Sixty First Nations, Metis, and Inuit youth will start their business careers this Friday when Cape Breton University (CBU) kicks off its Central Region Program of In.Business – A Business Network for Indigenous Youth, at a two-day conference in partnership with the University of Winnipeg.
From March 13-14, 60 students and 13 mentors from Winnipeg and Iqaluit will gather at the University of Winnipeg campus to celebrate and foster interest in Aboriginal business. Over the next few months, students will complete bi-weekly business challenges using social media and smartphone technology. The goal of these challenges and this program is to help the students explore the various facets of business, so they can make informed decisions about their future educational plans, which will hopefully include business.
“The University of Winnipeg is excited to partner with Cape Breton University to launch In.Business in the Central Region of Canada. Both of our institutions have had success teaching entrepreneurship to young Indigenous people for the past few years, now we are ready to take that success to a national level,” Wab Kinew, Associate Vice-President of Indigenous Affairs, University of Winnipeg. UWinnipeg is committed to improving access to post-secondary education for all individuals, with approximately 10 per cent of the student body self-identifying as Indigenous, among the highest participation rates at Canadian universities.
Ethan Courchene, a 15 year-old member of Sagkeeng First Nation and current student at Collège Jeanne Sauvé, says he wants to be part of this program because he wants to move past the stereotypes and repercussions that have affected generations of his family by going out and learning the ins and outs of business and law. His goal is to become a successful businessman.
In.Business fosters interactive learning while exploring business concepts. One exercise has students learning how to invest $100,000 in the stock market. The opening conference will also include tours of the University of Winnipeg campus and Manitoba Muhkluks, as well as presentations from local business professionals, including Wab Kinew. Group activities for students facilitated by their mentors are also planned, along with a presentation of the Annual Purdy Awards, which are voted on during the conference and recognize students for things like best Tweet, outstanding leadership, and most enthusiastic participant.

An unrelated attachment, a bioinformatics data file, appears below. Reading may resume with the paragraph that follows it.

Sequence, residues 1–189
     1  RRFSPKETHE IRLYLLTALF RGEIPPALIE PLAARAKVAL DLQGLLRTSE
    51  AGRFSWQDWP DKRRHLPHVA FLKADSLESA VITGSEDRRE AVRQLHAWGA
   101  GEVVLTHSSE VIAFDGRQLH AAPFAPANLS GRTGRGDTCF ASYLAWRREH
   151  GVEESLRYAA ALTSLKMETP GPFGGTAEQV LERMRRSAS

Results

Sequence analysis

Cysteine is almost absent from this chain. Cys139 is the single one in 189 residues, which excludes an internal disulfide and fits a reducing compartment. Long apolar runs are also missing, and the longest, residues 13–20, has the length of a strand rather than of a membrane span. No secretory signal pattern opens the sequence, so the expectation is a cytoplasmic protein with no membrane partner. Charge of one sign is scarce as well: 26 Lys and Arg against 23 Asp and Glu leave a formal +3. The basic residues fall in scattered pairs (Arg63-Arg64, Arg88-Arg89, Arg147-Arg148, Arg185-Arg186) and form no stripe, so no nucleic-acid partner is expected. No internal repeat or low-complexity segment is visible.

“Due in large part to the success of the Business Network for Aboriginal Youth – Nova Scotia pilot and the $5 million in Federal matching funds announced in 2012, the Purdy Crawford Chair in Aboriginal Business studies is growing and expanding its high school mentorship program nationally,” says Dr. Keith G. Brown, CBU’s Vice-president of International and Aboriginal Affairs and Purdy Crawford Chair holder. “The national program, In.Business – A Business Network for Indigenous Youth, will have approximately 300 students and 50 mentors from across Canada when we complete the rollout. Our main goal is to provide students from across Canada with the opportunity to participate in The Crawford Chair’s Aboriginal business mentorship program regardless of where they live in Canada.”
“Our Government is delivering results by creating a brighter future for Aboriginal youth – one that recognizes the existing contribution and realizes the tremendous potential of Aboriginal entrepreneurship to our economy and promotes independence and self-reliance for Aboriginal communities.” stated Mark Strahl, Parliamentary Secretary to the Honourable Bernard Valcourt, Minister of Aboriginal Affairs and Northern Development.
The next regions of In.Business to be set-up are: the Northern Region in partnership with Yukon College, the Eastern Region in partnership with Nipissing University, and Pacific Region in partnership with Vancouver Island University.
For more information visit www.cbu.ca/crawford or follow @CBU_InBusiness.